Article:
Spending Time Above Treeline? This is the Gear You’ll Need to Enjoy the Alpine.
These products will keep you protected and prepared on high-alpine treks.
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One summer past, I was hiking the undulating crest of Montana's Gallatin range, peaks and valleys unspooling on all sides as far as I could see. I hadn't seen another hiker the entire time, and I was also entirely out of water. My partner stopped and peered at a map on his phone. "I sure hope that dark spot is an actual lake," he muttered.
We were in the middle of a 45-mile ridge hike; in hindsight, we should have known that water sources would be scarce. This wasn't hindsight thought, and I was really thirsty. A few miles later we dropped over the side of a hill, and there was a small, somewhat festering pond in a shallow basin. It would be our only water until the next day. From that point on, I was more careful about mapping water sources beforehand and always carried a collapsible bottle for extra water-carrying capacity on high-elevation trails.
Continue reading Maggie Slepian's complete article and her list of best gear here.
May 7, 2022
Outdoor Life: Do You Really Need a Water Filter for Backpacking and Mountain Hunting?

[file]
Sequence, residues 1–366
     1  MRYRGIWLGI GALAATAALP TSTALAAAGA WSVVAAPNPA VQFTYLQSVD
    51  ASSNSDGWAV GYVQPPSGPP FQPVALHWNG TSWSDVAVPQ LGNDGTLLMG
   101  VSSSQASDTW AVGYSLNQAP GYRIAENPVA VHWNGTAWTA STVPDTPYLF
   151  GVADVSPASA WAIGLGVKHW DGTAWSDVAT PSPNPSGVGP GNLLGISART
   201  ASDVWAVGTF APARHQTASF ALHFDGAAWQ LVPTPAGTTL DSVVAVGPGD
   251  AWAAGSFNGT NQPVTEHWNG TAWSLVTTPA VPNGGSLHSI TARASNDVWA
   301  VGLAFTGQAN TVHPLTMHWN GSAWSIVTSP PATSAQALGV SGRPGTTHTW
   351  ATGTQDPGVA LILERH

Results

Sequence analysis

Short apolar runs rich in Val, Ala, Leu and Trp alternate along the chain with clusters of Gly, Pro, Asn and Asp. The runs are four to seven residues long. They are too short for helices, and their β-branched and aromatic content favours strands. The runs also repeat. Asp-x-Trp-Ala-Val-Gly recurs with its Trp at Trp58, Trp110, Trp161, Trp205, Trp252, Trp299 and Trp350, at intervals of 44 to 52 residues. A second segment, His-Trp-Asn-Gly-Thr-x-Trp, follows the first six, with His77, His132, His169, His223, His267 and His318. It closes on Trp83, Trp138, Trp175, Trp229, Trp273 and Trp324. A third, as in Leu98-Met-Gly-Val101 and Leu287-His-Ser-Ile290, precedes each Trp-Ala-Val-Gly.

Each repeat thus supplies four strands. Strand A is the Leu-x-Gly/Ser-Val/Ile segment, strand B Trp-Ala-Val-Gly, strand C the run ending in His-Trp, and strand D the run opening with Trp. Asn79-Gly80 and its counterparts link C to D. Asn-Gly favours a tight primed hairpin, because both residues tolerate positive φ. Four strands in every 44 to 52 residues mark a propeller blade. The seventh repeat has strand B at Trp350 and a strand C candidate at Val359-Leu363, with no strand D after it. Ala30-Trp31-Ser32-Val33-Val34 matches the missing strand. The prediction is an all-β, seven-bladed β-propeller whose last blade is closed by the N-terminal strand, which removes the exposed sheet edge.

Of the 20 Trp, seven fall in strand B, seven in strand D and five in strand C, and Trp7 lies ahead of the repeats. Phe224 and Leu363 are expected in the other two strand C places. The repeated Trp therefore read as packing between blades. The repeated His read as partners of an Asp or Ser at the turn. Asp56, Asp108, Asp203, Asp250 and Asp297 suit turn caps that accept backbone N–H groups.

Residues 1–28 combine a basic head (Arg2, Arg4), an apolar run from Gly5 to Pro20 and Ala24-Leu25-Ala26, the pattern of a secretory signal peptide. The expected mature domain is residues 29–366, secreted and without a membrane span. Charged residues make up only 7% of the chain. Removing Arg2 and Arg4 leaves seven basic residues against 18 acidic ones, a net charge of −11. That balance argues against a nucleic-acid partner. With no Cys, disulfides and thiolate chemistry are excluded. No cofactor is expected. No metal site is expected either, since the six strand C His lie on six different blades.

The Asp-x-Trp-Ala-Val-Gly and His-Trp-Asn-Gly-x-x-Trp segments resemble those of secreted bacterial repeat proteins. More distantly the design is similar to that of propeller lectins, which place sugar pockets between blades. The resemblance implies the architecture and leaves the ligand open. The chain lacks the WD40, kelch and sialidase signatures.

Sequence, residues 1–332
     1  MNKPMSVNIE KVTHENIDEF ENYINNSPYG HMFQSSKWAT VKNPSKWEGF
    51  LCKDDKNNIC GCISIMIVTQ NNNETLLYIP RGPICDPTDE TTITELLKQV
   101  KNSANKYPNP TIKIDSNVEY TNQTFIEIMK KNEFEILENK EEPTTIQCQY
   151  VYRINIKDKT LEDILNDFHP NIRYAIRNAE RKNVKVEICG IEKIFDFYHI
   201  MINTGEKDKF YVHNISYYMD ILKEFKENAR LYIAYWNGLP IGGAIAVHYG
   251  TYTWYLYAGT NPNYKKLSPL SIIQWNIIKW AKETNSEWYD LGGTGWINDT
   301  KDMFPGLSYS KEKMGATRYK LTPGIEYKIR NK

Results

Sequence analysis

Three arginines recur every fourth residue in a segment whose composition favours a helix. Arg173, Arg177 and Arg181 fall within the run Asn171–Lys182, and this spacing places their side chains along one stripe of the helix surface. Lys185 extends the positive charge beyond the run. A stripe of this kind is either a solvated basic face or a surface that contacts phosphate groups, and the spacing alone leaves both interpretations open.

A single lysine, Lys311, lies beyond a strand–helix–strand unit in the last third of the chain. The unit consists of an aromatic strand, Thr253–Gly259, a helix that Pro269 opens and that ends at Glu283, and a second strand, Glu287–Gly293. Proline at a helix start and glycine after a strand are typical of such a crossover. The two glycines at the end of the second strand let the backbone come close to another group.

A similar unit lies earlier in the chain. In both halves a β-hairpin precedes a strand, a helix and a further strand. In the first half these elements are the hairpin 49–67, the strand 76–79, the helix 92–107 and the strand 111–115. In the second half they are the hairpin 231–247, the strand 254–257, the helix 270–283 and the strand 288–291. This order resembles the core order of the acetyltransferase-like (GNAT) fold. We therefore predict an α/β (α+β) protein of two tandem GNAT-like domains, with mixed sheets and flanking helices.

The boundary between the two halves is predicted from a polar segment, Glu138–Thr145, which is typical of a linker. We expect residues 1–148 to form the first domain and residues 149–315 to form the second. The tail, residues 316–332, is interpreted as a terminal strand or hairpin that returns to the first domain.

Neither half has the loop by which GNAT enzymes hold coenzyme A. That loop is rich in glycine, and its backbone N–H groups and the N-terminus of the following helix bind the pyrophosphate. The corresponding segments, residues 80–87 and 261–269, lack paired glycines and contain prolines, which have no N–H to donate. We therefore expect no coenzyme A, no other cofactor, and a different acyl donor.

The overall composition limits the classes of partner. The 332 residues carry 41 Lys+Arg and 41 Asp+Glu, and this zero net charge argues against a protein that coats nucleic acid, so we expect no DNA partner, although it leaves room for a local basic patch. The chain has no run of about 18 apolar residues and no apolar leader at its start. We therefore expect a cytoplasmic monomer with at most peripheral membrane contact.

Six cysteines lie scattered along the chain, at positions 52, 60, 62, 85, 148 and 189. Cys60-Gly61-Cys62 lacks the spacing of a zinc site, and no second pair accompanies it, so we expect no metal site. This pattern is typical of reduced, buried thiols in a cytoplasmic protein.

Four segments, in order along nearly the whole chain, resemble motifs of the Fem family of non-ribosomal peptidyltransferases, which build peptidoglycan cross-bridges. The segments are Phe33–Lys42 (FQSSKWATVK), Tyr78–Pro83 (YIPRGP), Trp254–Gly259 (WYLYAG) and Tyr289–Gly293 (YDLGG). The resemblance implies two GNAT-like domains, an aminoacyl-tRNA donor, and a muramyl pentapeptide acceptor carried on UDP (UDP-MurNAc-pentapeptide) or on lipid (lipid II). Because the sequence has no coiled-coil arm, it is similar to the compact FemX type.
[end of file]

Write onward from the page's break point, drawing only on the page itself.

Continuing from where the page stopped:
My only complaint is that eventually, backflushing won’t be enough. These can clog up after some time and no amount of back flushing will fix its low flow. I went through 2 on the AT. However, it will attach to Smart Water Bottles and most bladders!
Built for backcountry reliability and portability, the Sawyer Squeeze filter is our pick for the best portable water purifier.
The Sawyer Squeeze was (by far) the most common Pacific Crest Trail water filter this year – for the fifth year in a row. It’s a $39, 3 oz / 85 g hollow fiber filter that rids your drinking water of protozoa and bacteria (and floaties). It can be used with Sawyer bags (included with the filter) or with compatible water bottles (Smartwater is the bottle of choice for many hikers).